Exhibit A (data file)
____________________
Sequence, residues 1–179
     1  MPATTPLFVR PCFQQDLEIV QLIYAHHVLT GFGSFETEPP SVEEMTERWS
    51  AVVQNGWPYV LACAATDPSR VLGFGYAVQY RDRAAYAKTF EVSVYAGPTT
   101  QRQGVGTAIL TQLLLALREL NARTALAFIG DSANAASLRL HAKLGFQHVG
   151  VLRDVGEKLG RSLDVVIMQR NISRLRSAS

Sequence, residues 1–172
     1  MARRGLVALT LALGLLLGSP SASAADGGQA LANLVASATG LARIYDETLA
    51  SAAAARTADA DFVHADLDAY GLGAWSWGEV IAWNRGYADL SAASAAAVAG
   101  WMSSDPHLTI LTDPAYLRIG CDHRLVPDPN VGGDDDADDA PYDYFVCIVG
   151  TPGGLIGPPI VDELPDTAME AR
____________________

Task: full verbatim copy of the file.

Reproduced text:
Sequence, residues 1–179
     1  MPATTPLFVR PCFQQDLEIV QLIYAHHVLT GFGSFETEPP SVEEMTERWS
    51  AVVQNGWPYV LACAATDPSR VLGFGYAVQY RDRAAYAKTF EVSVYAGPTT
   101  QRQGVGTAIL TQLLLALREL NARTALAFIG DSANAASLRL HAKLGFQHVG
   151  VLRDVGEKLG RSLDVVIMQR NISRLRSAS

Sequence, residues 1–172
     1  MARRGLVALT LALGLLLGSP SASAADGGQA LANLVASATG LARIYDETLA
    51  SAAAARTADA DFVHADLDAY GLGAWSWGEV IAWNRGYADL SAASAAAVAG
   101  WMSSDPHLTI LTDPAYLRIG CDHRLVPDPN VGGDDDADDA PYDYFVCIVG
   151  TPGGLIGPPI VDELPDTAME AR